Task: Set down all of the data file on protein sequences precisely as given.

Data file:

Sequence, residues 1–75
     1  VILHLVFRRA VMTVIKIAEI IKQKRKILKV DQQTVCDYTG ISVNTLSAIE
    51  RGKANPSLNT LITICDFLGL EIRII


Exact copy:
Sequence, residues 1–75
     1  VILHLVFRRA VMTVIKIAEI IKQKRKILKV DQQTVCDYTG ISVNTLSAIE
    51  RGKANPSLNT LITICDFLGL EIRII